CLEVELAND (AP) — Myles Garrett looked composed and casual, a stark contrast to the last time he was seen in public.
Stylishly dressed in a bright blue suit and black turtleneck, the Cleveland Browns’ star defensive end met Wednesday with an appeals officer in New York in hopes of getting a reduction to an indefinite NFL suspension that has temporarily ended Garrett’s season and tarnished his career.
Garrett was banned last week for the rest of the regular season and playoffs, if Cleveland makes them, for striking Pittsburgh Steelers quarterback Mason Rudolph with a helmet. Garrett appealed and his case was heard by league-appointed officer James Thrash, a former NFL player, who will either lessen the penalty or put a definitive number of games on it.
The former No. 1 overall draft pick spent roughly two hours in the league’s Manhattan offices before leaving with his representatives. He did not speak to the media.
In the closing seconds of the Browns’ 21-7 victory over the rival Steelers on Thursday night, Garrett wrestled Rudolph to the ground before they scuffled. Pittsburgh’s QB unsuccessfully tried to rip off Garrett’s helmet before the two got to their feet.
That’s when Garrett yanked off Rudolph’s helmet, swinging it and connecting with the top of the QB’s head. Rudolph avoided injury and was not suspended despite his attempt to grab Garrett’s helmet or charging at him.
On Wednesday, Rudolph, who likely will be fined for his involvement, said he doesn’t begrudge Garrett.
“I have no ill will toward Myles Garrett, great respect for his ability as a player and I know if Myles could go back he would handle the situation differently,” Rudolph told reporters in Pittsburgh after reading a prepared statement. “As for my involvement last week, there is no acceptable excuse. The bottom line is I should have done a better job keeping my composure in that situation.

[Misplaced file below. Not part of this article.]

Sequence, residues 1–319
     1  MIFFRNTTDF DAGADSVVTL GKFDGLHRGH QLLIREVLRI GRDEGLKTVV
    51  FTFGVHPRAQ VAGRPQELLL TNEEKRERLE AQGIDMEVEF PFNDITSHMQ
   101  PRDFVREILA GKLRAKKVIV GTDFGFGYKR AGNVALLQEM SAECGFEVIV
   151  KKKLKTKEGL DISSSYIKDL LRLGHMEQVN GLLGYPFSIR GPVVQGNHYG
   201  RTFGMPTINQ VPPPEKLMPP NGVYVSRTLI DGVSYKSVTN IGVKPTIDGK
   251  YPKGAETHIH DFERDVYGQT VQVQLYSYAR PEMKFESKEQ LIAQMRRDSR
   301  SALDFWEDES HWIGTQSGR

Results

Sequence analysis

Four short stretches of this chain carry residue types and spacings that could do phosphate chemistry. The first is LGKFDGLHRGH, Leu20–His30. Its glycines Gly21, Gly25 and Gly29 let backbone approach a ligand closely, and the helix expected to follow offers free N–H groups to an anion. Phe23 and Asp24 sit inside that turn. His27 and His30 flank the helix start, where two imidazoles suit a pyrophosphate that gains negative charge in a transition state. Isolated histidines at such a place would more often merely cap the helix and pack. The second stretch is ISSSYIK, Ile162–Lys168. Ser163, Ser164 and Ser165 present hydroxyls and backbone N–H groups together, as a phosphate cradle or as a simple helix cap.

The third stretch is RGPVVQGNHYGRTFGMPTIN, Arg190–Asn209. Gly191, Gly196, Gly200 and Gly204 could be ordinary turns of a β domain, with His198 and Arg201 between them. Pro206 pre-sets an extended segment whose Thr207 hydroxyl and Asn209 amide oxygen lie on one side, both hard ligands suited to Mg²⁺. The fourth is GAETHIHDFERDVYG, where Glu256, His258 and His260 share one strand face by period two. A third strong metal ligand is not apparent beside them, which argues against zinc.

“It falls short of what I believe it means to be a Pittsburgh Steeler and a member of the NFL.”
It’s unclear when Thrash will rule on Garrett’s appeal. As part of his punishment, the league said Garrett is required to meet with Commissioner Roger Goodell's office before he can be reinstated.
While Garrett awaits a ruling on his case, Thrash upheld the one-game suspension for Browns defensive tackle Larry Ogunjobi, who was disciplined for shoving a helmet-less Rudolph to the ground during the melee.
Thrash did rescind a $10,527 fine for Ogunjobi, who will have to sit out this week’s game against the Miami Dolphins.
The Browns will be down at least two starters on their defensive line and could be missing three if Olivier Vernon doesn’t return from a knee injury that has kept him out of the past two games.
Earlier this week, appeals officer Derrick Brooks, a Hall of Fame linebacker, heard Steelers center Maurkice Pouncey’s appeal of a three-game suspension for punching and kicking Garrett as he lay on the ground.
The league said decisions on Garrett and Pouncey will come “later this week.”
Browns coach Freddie Kitchens would not divulge who from the team accompanied Garrett to his hearing.
“Myles has great representation,” Kitchens said. “More importantly, Myles will represent himself well. We’re going to continue to support him and Larry and we will not waver with that support.”
As Garrett pleaded his case, the Browns are trying to regroup amid the possibility they’ll be without their best defensive player for a significant period. Cleveland is still in the playoff race hunt going into Sunday’s game against Miami.
On Tuesday, Steelers coach Mike Tomlin called the incident involving Garrett “ugly for the game of football” but said there was nothing teachable to come from it because “I don't know that we did anything to make it happen in the first place.”
Kitchens hopes the experience will serve as a reminder for his team to stay collected.
“We talk all the time about being the smartest, toughest football team and sometimes one of those things don’t happen and you decrease your chances of winning and you decrease your chances of being successful and we want to add both of those to the mix, not one without the other,” he said. “So you have to be both. That’s a continual conversation topic and will always be discussed.”
AP Sports Writer Will Graves in Pittsburgh contributed to this report.
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